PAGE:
The COVID-19 crisis has caused an abrupt shutdown of most of these tribal enterprises. We’re not aware of a single tribal casino, for example, that is open anywhere in the United States. And most tribes have issued their own ordinances and orders requiring shelter at home, social distancing and so forth. Tribes have seen their revenues cut to zero, abruptly.
Is the economic fallout from the closure of these tribal enterprises limited to just the tribes themselves or is it spilling over into regional economies?
I think people don’t realize with tribal government, tribal enterprises — both gaming and non-gaming, more than half of all the employees of tribes and their enterprises are non-Indian. This reflects a good thing, actually, in that the economic development that’s been taking place in Indian Country means that tribes now have the wherewithal to grow, and in many cases they’re having to reach out to communities beyond their own and hiring people.
Tribal economies also spill over into the regions around them. Based on some preliminary modeling, we estimate that the tribal enterprises plus tribal government operations, in the aggregate, account for the employment of about 1.1 million people, and somewhat over 900,000 of those workers are non-Indians. When the coronavirus choked off these tribal revenues, it choked off wages, benefits, and employment for lots of people both Indian and non-Indian.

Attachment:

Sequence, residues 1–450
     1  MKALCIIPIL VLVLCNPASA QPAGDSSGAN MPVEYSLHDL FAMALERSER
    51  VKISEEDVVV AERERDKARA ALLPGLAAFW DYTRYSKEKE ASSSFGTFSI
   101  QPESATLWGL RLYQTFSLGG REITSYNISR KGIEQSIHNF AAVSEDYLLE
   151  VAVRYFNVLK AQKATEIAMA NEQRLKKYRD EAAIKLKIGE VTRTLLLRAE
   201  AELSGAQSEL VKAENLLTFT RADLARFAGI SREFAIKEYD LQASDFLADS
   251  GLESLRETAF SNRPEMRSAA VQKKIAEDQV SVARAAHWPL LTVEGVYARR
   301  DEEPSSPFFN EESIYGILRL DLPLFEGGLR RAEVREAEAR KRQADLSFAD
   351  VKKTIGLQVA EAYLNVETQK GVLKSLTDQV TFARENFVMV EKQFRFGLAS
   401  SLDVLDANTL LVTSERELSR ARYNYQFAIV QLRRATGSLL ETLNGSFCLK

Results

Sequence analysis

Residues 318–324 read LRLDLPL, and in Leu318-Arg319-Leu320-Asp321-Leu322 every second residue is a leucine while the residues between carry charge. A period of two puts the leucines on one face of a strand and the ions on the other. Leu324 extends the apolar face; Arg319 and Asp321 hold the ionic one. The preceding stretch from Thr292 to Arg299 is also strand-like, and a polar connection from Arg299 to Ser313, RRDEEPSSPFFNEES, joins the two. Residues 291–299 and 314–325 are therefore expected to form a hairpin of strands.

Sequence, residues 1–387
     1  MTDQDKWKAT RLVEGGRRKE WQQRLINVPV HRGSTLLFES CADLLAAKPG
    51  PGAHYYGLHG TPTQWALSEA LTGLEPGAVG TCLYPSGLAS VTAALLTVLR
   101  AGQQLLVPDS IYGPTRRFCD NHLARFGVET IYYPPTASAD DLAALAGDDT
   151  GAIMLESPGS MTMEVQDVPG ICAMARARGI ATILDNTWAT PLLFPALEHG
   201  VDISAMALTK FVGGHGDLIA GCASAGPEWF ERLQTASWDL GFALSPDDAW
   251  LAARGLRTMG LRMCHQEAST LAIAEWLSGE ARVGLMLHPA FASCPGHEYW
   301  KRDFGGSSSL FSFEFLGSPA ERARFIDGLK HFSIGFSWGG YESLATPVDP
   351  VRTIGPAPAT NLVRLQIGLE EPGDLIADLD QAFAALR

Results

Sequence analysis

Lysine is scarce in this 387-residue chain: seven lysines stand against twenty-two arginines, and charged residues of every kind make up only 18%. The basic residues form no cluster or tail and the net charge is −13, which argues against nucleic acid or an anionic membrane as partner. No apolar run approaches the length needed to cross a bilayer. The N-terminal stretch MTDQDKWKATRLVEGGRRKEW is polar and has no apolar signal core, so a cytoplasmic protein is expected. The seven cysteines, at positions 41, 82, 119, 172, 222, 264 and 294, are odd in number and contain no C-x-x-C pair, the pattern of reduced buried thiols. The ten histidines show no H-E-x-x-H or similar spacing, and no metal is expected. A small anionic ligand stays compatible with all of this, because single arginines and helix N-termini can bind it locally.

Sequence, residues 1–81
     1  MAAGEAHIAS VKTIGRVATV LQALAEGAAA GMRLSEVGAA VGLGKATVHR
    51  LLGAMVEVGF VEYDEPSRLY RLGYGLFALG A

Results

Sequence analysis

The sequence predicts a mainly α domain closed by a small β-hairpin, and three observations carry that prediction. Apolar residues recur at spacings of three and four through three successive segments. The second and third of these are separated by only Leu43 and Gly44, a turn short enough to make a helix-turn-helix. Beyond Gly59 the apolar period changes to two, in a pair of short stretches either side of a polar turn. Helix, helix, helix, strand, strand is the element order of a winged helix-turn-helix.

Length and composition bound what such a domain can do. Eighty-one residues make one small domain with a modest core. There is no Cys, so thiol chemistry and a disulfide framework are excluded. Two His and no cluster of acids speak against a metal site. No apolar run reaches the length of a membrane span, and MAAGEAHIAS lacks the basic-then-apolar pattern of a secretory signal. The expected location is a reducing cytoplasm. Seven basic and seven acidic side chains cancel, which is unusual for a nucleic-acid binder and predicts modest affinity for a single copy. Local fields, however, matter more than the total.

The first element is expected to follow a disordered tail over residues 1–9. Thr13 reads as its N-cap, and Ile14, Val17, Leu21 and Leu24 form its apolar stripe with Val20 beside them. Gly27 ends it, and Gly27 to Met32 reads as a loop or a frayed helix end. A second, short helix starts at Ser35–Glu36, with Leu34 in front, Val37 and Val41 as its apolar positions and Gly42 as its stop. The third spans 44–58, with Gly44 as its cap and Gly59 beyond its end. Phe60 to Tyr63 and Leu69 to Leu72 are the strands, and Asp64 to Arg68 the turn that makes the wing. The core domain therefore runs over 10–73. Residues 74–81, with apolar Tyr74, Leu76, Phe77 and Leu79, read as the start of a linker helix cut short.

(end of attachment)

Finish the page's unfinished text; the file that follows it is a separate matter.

What specific actions should the federal government be doing, and how should they be partnering with Indian country to help with what is and what will be a devastating financial impact from COVID-19.
I think that what the federal government needs to be focused on is on supporting tribes in their roles as local governments. In other words, tribes, as I’ve said, have the rights, responsibilities, and powers that are very akin to other state and local governments in the United States.
The current CARES Act sets aside about $8 billion for tribes and tribal governments. It is key that those monies be allocated in a way that reflects the size of tribes and their economic impact, both on their own reservations, but more broadly in their regions. The second thing that the federal government needs to take into account, which reflects decades of research by the Harvard Project, is that this policy of self-determination through self-governance, actually is working.